Mistakes You Didn't Realize You Were Making With Your Oral Health

Oral health is so much more than keeping your teeth clean (although that's a major part of it). Your oral hygiene also influences your overall health. Bleeding gums and multiple cavities could give your medical team a glimpse into your potential risk for health problems like diabetes and cardiovascular disease (via Colgate). 

That's why it's important not just to brush your teeth properly every day but to also make regular trips to the dentist for cleanings, exams, and fixes. According to the CDC, more than one-quarter of U.S. adults have untreated tooth decay, and about 46% of adults 30 and older have signs of gum disease. Leaving these problems without treatment could result in tooth loss.

However, it's possible that how you've been caring for your teeth throughout your life could be incorrect. Here's what you need to know to keep those pearly whites — and your health — in tip-top shape.

Brushing your teeth too much

Many dentists will tell you to brush your teeth twice a day, preferably in the morning and again at night, for two minutes each time (per Jenson Dental). You might feel inclined to brush more often, just to keep those teeth sparkly clean and smooth. However, you could be doing a disservice to your mouth by doing so.

According to Colgate, it's possible to brush your teeth too much. By "too much," we mean too frequently or too vigorously. If you get into the habit of brushing several times a day or scrubbing your teeth because you think it'll improve their cleanliness, you may actually put your teeth at risk of worn-down enamel, which can lead to tooth sensitivity. Additionally, too much brushing can cause tooth abrasion, which interferes with the structure of your teeth, or gum recession, which may cause an increased risk of tooth decay and sensitivity.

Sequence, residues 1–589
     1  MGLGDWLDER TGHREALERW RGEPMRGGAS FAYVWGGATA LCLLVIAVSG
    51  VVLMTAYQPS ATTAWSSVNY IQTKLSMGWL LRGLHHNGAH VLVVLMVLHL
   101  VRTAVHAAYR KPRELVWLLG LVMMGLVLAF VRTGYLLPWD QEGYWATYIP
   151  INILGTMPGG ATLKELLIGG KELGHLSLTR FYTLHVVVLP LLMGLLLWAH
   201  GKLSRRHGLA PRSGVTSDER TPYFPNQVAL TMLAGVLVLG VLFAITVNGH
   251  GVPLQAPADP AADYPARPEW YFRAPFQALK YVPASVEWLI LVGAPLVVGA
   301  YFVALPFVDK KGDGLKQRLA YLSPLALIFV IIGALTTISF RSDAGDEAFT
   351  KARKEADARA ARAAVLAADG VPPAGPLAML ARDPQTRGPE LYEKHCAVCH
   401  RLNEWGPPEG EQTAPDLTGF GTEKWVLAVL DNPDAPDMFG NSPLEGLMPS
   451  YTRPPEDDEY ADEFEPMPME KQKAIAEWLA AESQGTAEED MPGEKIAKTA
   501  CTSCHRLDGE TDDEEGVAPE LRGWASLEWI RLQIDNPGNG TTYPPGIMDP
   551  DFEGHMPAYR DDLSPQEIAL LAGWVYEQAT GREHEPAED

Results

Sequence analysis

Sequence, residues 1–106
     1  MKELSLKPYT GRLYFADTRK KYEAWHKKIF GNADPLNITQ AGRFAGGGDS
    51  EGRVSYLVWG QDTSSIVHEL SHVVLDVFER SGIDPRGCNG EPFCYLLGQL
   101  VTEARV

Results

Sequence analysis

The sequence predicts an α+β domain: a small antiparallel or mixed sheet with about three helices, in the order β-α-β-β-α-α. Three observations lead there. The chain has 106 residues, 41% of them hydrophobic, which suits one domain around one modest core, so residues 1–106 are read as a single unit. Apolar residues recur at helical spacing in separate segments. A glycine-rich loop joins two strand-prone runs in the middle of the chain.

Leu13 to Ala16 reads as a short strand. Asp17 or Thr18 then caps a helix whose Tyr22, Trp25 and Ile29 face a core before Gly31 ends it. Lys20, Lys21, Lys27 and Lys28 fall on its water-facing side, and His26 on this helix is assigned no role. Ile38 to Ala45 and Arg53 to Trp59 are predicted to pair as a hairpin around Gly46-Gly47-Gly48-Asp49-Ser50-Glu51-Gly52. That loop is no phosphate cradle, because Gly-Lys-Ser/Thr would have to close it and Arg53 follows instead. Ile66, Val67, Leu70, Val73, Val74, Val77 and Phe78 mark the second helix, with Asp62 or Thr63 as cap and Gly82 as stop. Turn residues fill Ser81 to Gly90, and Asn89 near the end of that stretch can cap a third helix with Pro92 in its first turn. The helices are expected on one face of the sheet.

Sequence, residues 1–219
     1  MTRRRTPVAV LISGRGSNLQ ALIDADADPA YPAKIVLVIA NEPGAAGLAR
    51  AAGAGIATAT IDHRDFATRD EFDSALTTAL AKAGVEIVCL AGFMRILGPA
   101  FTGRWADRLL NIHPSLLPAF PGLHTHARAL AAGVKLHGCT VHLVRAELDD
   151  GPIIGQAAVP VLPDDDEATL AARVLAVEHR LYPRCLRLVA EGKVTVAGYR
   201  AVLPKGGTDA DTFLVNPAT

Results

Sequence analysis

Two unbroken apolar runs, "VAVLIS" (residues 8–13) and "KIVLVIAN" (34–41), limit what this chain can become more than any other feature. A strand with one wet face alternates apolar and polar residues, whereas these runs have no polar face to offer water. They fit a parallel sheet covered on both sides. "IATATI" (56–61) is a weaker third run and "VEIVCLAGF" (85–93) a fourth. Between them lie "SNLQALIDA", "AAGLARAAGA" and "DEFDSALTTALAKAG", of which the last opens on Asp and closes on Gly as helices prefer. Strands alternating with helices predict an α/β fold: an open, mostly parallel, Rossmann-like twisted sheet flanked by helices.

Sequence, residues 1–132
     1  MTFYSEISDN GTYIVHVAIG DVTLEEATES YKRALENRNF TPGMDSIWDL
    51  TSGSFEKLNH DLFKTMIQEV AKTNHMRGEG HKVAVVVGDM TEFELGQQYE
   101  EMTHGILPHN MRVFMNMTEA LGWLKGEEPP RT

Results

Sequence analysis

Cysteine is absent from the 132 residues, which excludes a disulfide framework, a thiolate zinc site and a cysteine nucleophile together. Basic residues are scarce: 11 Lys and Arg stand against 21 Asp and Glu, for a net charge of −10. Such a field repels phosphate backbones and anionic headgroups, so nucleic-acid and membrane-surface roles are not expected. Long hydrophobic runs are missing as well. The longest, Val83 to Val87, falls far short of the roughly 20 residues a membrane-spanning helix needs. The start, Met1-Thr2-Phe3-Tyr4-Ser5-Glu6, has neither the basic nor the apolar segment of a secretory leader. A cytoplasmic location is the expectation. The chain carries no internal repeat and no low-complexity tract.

Stick to your dentist's recommendations for brushing for the healthiest smile.

Choosing the wrong toothbrush

When you browse a store's aisle for a new toothbrush, you'll find an overwhelming range of them to choose from. Which one is best for your teeth?

That mostly depends on your current teeth and gum situation. One feature to consider is bristle firmness, which usually ranges from soft to firm. Penn Dental Family Practice states that although you might think a firm bristle could clean teeth better, it can actually wear down your enamel instead. Soft bristles are usually the best option for most people — your dentist can let you know if you should choose something different — so long as you use the right brushing technique for maximum cleanliness.

You might also wonder whether a manual or electric toothbrush is best. A study published in the Journal of Clinical Periodontology found that electric toothbrushes tend to clean teeth and gums better than manual ones, especially electric toothbrushes with oscillating heads. The Oral Health Foundation's chief executive Dr. Nigel Carter adds that while electric toothbrushes were once quite expensive, they've become much more affordable and could be considered an excellent investment for your oral health.

Thinking bleeding gums are no big deal

Many of us have probably seen some blood in the sink here and there after brushing. Sometimes, this happens when we brush too hard or have taken medication (like blood thinners) that can make bleeding happen more easily. However, bleeding gums can also happen when certain health problems are present, such as anemia or liver disease (per Golden State Dentistry).